A California appeals court ruled against T-Mobile, Crown Castle and ExteNet Systems last week when it affirmed a lower court ruling allowing the city of San Francisco to enforce broad aesthetic control regarding where small cells are placed.
San Francisco passed an ordinance in 2011 requiring wireless companies to obtain a wireless facility site-specific permit before installing or altering wireless equipment located in the public right-of-way.
The ordinance stated that it did not regulate the technologies used for small cells, but focused upon the city’s “needs to regulate placement of such facilities in order to prevent telecommunications providers from installing wireless antennas and associated equipment in the City’s public rights-of-way either in manners or in locations that will diminish the City’s beauty.”
The ordinance required a showing of technological or economic necessity for permit approval and created three “Tiers” of facilities based on equipment size.
Tier I was defined to include only the smallest equipment (essentially, primary and secondary equipment enclosures, each less than 3 cubic feet in volume and no greater than 12 inches wide and 10 inches deep).
Tier II was defined to allow equipment slightly larger in overall volume than Tier I (4 cubic feet), but with the same limits on width and depth.
Tier III was defined as any equipment larger than Tier II.
If the Department of Public Works (DPW) approved a Tier III application after recommendation by the Planning Department, the approval from DPW was only “tentative,” and the applicant was then required to notice the public.
“Any person” could protest tentative approval of a Tier III application within 20 days of the date the notice was mailed and then subjected the application to public hearing. After a final determination on a Tier III application, “any person” could appeal to the Board of Appeals.
Following the ordinance’s passage, the three companies filed suit, arguing the measure conflicted with state law. A trial court found the ordinance did not violate state law and T-Mobile et al filed an appeal.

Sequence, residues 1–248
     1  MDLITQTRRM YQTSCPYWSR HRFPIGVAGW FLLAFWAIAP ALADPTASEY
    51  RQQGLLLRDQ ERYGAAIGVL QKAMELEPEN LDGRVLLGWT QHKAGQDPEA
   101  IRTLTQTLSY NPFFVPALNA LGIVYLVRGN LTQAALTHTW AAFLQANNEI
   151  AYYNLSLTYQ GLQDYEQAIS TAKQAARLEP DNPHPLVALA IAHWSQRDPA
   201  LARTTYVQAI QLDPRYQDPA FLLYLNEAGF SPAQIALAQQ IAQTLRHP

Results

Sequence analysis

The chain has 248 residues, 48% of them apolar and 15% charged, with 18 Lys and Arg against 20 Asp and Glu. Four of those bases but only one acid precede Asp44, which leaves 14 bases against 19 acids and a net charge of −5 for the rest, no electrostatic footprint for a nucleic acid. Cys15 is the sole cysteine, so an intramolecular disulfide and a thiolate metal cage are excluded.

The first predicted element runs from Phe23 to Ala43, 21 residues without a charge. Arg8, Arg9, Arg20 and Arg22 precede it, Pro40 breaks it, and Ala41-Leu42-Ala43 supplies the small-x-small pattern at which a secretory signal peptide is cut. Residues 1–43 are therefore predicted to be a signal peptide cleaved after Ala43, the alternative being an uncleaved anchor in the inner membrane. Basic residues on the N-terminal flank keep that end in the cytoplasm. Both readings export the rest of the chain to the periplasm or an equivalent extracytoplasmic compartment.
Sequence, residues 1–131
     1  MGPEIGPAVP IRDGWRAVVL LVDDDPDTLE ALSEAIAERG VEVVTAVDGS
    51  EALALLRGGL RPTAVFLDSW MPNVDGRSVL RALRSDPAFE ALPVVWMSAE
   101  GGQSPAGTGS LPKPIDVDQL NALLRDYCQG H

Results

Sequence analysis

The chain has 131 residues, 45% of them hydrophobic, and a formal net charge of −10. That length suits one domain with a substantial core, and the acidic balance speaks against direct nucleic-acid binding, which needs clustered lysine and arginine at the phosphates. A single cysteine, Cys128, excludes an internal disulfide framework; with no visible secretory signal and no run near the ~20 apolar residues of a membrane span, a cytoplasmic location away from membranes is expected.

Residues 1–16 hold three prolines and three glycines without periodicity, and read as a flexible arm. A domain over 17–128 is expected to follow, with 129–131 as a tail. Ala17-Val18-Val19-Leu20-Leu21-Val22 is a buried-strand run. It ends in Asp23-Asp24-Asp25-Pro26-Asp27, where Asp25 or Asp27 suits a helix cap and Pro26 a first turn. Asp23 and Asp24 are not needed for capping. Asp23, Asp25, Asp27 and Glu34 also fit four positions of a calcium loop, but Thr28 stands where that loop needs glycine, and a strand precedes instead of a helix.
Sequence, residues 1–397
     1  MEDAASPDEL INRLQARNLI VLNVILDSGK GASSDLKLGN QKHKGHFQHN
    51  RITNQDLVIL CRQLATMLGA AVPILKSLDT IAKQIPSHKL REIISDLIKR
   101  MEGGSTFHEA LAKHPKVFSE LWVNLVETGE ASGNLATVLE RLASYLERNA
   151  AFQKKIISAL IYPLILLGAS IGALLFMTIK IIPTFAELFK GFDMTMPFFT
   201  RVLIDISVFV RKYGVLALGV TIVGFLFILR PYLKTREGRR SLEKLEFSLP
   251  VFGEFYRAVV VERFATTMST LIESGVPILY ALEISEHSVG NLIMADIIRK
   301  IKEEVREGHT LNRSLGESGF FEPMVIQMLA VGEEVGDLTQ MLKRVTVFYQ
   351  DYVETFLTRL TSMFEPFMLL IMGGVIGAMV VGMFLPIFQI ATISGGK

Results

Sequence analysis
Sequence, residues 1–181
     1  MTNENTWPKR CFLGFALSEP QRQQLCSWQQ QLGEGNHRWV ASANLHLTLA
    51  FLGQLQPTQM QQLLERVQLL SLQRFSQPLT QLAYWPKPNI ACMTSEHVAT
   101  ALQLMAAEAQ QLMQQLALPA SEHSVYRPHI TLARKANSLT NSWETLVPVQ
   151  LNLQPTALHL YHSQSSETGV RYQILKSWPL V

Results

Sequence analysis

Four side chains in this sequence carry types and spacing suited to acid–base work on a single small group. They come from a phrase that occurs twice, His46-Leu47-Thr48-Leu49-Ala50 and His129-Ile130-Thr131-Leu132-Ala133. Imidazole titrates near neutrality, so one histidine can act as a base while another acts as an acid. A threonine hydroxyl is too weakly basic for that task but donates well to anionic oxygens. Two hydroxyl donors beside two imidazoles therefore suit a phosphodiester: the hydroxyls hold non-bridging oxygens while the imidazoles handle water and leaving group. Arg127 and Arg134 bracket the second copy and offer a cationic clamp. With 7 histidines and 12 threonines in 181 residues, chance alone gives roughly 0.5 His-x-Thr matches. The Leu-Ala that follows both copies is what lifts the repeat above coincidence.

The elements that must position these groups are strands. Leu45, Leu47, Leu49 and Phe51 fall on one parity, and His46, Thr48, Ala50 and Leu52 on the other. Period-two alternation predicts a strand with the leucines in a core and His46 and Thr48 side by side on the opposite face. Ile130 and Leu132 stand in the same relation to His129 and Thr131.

The plaintiffs argued that San Francisco has singled out wireless equipment by requiring providers of commercial mobile services alone to obtain site-specific permits while “ignoring the aesthetics of identical equipment installed by other right of way occupants.”
The appeals court, however, sided with the city in upholding the trial court’s verdict that state law grants municipalities the authority to “exercise reasonable control as to the time, place, and manner in which roads, highways, and waterways are accessed.”
San Francisco stated before the courts that the City’s beauty is vital to its tourist industry and is an important reason for businesses to locate in the City and for residents to live there. “Beautiful views enhance property values and increase the City’s tax base. The City’s economy, as well as the health and well-being of all who visit, work or live in the City, depends in part on maintaining the City’s beauty,” San Francisco said in defense of the ordinance.
The ruling comes amid an industry-wide push to densify wireless networks with small cells ahead of 5G.